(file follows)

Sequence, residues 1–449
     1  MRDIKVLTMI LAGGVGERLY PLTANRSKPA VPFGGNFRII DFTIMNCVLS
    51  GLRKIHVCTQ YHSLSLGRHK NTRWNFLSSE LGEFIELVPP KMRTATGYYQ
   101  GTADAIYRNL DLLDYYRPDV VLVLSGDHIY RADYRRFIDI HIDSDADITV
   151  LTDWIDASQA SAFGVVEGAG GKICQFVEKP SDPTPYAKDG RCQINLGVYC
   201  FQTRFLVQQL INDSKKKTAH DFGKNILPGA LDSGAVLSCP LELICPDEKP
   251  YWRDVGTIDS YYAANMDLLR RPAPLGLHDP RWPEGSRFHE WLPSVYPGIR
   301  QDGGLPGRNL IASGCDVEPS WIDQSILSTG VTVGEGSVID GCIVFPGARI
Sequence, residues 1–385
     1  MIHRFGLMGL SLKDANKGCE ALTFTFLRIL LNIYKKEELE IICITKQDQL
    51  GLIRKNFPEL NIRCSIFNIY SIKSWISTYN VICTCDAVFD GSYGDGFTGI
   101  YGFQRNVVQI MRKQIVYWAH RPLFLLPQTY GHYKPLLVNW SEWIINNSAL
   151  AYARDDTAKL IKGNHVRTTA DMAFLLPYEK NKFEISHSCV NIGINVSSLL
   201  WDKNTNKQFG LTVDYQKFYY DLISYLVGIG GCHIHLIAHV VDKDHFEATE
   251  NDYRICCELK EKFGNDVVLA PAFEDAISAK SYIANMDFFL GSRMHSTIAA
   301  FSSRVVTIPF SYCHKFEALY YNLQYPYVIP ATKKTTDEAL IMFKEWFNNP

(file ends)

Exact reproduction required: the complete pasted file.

Sequence, residues 1–449
     1  MRDIKVLTMI LAGGVGERLY PLTANRSKPA VPFGGNFRII DFTIMNCVLS
    51  GLRKIHVCTQ YHSLSLGRHK NTRWNFLSSE LGEFIELVPP KMRTATGYYQ
   101  GTADAIYRNL DLLDYYRPDV VLVLSGDHIY RADYRRFIDI HIDSDADITV
   151  LTDWIDASQA SAFGVVEGAG GKICQFVEKP SDPTPYAKDG RCQINLGVYC
   201  FQTRFLVQQL INDSKKKTAH DFGKNILPGA LDSGAVLSCP LELICPDEKP
   251  YWRDVGTIDS YYAANMDLLR RPAPLGLHDP RWPEGSRFHE WLPSVYPGIR
   301  QDGGLPGRNL IASGCDVEPS WIDQSILSTG VTVGEGSVID GCIVFPGARI
Sequence, residues 1–385
     1  MIHRFGLMGL SLKDANKGCE ALTFTFLRIL LNIYKKEELE IICITKQDQL
    51  GLIRKNFPEL NIRCSIFNIY SIKSWISTYN VICTCDAVFD GSYGDGFTGI
   101  YGFQRNVVQI MRKQIVYWAH RPLFLLPQTY GHYKPLLVNW SEWIINNSAL
   151  AYARDDTAKL IKGNHVRTTA DMAFLLPYEK NKFEISHSCV NIGINVSSLL
   201  WDKNTNKQFG LTVDYQKFYY DLISYLVGIG GCHIHLIAHV VDKDHFEATE
   251  NDYRICCELK EKFGNDVVLA PAFEDAISAK SYIANMDFFL GSRMHSTIAA
   301  FSSRVVTIPF SYCHKFEALY YNLQYPYVIP ATKKTTDEAL IMFKEWFNNP